CLEO - Workshop on Contextual Learning Analytics Enforcing data Ownership. Building Interactive Learning Dashboards with Logstash, Elasticsearch and Kibana (ELK)

Educational data continues to grow in volume, velocity and variety. Making sense of the educational data in such conditions requires deployment and usage of appropriate scalable, real-time processing tools supporting a flexible data schema. Elasticsearch is one of the popular open-source tools meeting the enlisted requirements. Initially envisioned as a search engine capable of operating at scale and in real time, Elasticsearch is used by organisations such as Wikimedia and Github, which deal with big data on daily basis. In addition, Elasticsearch is used increasingly often as analytics platform thanks to its scalable architecture and expressive query language. Until recently, the exploitation of Elasticsearch for (learning) analytical purposes by practitioners was hindered by a high entrance barrier due to the complexity of the query language and the query specificities. This is currently changing with the ongoing development of Kibana, an open-source tool that allows to conduct analysis and build visualisations of Elasticsearch data through a graphical user interface. Kibana does not require the user to dive into technical details of the queries (although it is still possible) and hence makes big educational data visualisations accessible to regular users. The additional value of Kibana comes in play whenever several visualisations are combined on a single dashboard, enabling to use multiple coordinated views for an interactive explorative analysis. Both Elasticsearch and Kibana, together with Logstash are part of an analytics stack often referred to as ELK. Logstash supports data acquisition from multiple sources (including twitter, RSS, event logs) thanks to its rich set of available connectors. Custom connectors can be developed for case-specific sources. In addition to the mentioned values, ELK enables building analytics infrastructures decoupled from the learning platform, i.e., it allows to host separately the learning environment (with the analytics functionalities) and the data storage without affecting the end-user experience.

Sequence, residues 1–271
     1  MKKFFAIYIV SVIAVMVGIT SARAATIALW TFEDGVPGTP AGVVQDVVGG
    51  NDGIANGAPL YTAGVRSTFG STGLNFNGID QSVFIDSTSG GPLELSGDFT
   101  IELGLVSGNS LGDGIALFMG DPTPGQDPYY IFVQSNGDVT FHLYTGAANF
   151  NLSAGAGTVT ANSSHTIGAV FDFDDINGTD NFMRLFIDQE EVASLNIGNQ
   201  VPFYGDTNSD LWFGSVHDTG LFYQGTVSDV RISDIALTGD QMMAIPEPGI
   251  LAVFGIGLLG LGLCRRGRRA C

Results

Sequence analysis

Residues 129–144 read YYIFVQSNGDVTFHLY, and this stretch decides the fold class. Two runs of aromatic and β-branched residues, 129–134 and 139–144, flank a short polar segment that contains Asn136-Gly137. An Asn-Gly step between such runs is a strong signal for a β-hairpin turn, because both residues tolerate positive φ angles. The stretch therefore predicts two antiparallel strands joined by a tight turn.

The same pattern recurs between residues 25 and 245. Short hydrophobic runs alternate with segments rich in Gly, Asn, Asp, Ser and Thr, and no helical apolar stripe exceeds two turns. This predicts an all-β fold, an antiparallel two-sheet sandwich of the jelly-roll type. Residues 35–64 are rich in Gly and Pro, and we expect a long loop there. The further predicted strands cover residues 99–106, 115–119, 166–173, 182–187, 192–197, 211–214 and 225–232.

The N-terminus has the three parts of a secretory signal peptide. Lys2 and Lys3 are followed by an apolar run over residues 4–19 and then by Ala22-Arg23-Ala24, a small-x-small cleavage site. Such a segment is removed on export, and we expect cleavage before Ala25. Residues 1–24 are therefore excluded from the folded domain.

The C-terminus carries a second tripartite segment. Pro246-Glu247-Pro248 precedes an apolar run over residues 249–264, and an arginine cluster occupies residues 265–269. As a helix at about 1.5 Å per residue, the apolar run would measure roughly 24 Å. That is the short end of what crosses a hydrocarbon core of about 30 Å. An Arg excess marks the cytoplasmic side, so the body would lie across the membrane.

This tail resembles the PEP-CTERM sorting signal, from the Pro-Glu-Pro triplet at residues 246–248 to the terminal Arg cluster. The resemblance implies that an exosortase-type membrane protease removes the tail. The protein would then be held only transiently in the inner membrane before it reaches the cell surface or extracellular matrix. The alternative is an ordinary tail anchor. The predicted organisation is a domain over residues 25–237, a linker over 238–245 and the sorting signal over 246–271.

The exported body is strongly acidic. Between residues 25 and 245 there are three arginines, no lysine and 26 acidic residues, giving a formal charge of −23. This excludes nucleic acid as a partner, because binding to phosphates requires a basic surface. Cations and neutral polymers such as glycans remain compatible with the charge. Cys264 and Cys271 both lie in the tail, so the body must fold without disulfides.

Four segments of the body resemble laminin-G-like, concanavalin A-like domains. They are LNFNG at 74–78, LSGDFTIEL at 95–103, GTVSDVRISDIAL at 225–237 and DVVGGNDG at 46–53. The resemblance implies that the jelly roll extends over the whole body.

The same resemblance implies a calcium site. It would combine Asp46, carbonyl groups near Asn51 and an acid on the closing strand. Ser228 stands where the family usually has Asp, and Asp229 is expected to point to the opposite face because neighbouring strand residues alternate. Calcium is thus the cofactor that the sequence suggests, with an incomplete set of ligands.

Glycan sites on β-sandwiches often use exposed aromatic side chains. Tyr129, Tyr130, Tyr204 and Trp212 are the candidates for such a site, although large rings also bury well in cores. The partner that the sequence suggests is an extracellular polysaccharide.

Presented at:
Learning Analytics Summer Institute, Bilbao, Spain, June 27-28, 2016

 Record created 2016-08-03, last modified 2018-03-17

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